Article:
Glass’ favorite part, however, was not watching Maroon 5, Travis Scott or Big Boi perform; it was her 15 minutes of fame during the ride to the Mercedes-Benz Stadium. The Gathering and other halftime performers waited at Atlanta Technical College (Ga.) until they were shuttled over to the stadium in school buses.

“We were in a police escorted motorcade of … yellow school buses,” Glass said. “They blocked off every intersection on our way down to the game so that we didn’t have any traffic. … And all these people [were] filming us from the sidewalk. And we are nobody. We are not a famous cohort or anything, so it was pretty funny.”

Once The Gathering and Aural Pleasure filed onto the field, everything went according to plan, although Glass said she could not hear the headliner well.

“It was fine,” Oppenheim said of the halftime performance. “With the choice of Maroon 5 you’re not going to get the spectacle of … Beyonce or Katy Perry.”

For The Gathering and Aural Pleasure, this year’s Super Bowl buzz began and ended in the span of a few weeks. But some Emory students have been involved in the massive production for far longer.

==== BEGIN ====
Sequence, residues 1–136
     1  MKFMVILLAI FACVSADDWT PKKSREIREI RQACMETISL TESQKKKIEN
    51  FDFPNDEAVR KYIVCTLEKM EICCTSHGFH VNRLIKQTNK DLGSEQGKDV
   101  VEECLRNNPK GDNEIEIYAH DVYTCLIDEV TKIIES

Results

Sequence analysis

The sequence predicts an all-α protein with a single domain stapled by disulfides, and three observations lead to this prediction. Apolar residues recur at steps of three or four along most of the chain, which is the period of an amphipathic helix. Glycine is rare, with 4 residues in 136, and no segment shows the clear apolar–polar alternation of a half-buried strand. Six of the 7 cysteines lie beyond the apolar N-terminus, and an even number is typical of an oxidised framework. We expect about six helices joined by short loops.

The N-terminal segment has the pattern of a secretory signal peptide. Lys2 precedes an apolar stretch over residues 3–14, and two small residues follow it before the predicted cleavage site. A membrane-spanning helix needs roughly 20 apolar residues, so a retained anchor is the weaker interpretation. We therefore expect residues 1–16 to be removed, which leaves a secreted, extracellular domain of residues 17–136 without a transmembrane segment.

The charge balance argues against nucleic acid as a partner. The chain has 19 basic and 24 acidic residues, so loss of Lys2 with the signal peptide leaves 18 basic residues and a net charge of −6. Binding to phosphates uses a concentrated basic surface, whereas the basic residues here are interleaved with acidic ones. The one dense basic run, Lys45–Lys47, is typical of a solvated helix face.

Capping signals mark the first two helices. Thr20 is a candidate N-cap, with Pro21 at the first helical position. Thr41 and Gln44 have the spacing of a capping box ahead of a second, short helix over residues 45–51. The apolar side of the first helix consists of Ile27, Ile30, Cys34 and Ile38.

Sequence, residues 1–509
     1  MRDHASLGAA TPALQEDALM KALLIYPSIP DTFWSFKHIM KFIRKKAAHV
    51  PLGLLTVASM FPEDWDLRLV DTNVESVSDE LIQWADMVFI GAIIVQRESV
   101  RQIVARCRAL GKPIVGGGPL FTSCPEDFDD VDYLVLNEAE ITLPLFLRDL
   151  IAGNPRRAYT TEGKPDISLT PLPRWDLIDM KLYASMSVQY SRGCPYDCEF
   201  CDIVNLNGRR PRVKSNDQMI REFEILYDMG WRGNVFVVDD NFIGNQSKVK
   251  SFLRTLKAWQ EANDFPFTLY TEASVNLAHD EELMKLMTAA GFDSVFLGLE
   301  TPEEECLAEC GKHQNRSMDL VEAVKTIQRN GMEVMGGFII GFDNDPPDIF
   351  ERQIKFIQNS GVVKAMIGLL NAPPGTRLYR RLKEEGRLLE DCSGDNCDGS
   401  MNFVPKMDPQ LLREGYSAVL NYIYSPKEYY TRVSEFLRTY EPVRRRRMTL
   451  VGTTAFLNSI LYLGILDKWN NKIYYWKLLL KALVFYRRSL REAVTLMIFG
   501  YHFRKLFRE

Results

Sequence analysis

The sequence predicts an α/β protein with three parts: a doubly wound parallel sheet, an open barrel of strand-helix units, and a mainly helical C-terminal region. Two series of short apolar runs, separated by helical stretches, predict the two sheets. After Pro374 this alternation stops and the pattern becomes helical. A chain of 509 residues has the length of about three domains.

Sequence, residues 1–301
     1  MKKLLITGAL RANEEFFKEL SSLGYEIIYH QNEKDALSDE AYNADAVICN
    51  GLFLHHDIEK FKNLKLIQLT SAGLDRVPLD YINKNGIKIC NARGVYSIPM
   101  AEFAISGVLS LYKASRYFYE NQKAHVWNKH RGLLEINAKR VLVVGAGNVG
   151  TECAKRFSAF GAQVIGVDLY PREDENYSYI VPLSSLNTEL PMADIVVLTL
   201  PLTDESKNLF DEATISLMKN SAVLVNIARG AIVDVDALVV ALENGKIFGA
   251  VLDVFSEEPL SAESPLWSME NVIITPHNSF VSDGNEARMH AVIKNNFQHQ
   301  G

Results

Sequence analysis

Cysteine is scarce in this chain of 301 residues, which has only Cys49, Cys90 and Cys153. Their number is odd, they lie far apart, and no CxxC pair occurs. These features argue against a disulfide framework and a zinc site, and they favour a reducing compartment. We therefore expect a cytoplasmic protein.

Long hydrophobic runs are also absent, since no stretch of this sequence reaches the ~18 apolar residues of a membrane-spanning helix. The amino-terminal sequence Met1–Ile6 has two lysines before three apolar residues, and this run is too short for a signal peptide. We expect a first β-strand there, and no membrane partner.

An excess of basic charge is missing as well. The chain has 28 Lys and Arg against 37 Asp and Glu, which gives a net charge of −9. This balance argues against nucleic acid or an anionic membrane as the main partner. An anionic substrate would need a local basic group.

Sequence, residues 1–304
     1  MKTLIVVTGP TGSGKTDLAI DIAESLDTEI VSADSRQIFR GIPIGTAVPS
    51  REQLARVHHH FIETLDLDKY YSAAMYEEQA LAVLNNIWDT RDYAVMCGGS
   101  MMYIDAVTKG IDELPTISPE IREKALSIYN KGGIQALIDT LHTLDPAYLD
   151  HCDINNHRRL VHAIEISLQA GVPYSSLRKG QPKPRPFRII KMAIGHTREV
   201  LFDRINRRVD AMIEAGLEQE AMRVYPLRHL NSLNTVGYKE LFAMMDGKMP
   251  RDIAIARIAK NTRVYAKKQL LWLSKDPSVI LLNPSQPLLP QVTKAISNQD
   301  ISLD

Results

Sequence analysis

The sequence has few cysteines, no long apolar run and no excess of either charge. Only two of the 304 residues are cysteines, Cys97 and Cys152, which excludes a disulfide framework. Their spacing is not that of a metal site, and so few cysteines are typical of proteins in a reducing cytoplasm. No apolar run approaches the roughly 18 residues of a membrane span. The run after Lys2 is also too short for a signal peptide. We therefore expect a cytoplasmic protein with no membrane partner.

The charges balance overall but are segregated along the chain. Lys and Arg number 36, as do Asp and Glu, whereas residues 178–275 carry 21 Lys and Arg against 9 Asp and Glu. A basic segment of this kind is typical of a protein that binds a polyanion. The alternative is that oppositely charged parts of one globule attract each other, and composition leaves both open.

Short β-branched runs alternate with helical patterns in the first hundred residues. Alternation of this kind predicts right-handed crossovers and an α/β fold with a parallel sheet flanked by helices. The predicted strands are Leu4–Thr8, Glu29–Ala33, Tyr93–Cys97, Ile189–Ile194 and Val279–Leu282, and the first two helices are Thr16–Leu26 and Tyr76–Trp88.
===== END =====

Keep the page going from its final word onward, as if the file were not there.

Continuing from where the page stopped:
Megan Johnston’s (21C) Super Bowl experience began last summer, when she and around 30,000 others applied to become volunteers for the biggest sporting event in the United States. Several months and an interview later, Johnston was chosen as one of 10,000 volunteers to help put on the colossal game and halftime show.

Her work began last week as she greeted and signed in other volunteers at Volunteer Headquarters, located in AmericasMart Atlanta Building 1 near Centennial Olympic Park.

“I was just chatting with the volunteers the whole time,” Johnston said. “Everyone was just so happy, jumping around. There was music inside the headquarters. It was just a really positive environment.”

Although Johnston said she is not a diehard football fan, she appreciates the spirit that comes with the sport — and the free swag didn’t hurt.

“We got these nice jackets and shirts and socks and a hat and a scarf,” Johnston said. “Every time we checked in, we’d get new swag. That was just kind of a bonus.”